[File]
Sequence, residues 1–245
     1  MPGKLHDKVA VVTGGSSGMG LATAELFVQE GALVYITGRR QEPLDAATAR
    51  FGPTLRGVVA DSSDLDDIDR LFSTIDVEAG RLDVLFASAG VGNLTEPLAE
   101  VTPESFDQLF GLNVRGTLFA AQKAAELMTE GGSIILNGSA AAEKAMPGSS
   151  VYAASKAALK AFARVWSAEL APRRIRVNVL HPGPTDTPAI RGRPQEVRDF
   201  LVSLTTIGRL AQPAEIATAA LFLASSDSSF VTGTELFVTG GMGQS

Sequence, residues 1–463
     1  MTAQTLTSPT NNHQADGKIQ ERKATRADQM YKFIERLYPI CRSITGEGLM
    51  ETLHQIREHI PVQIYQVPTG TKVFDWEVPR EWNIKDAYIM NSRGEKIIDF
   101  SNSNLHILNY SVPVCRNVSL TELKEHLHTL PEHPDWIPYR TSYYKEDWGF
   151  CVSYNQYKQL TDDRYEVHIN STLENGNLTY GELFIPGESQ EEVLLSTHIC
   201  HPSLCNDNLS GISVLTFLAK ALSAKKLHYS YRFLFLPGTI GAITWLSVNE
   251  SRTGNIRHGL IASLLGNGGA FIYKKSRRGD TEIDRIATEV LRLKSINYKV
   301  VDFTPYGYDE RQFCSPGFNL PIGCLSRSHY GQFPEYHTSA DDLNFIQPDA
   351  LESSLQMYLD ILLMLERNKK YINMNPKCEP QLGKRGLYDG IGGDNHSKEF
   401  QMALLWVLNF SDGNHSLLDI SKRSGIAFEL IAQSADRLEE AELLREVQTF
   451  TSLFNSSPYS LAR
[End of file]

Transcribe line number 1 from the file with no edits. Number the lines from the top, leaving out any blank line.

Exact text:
Sequence, residues 1–245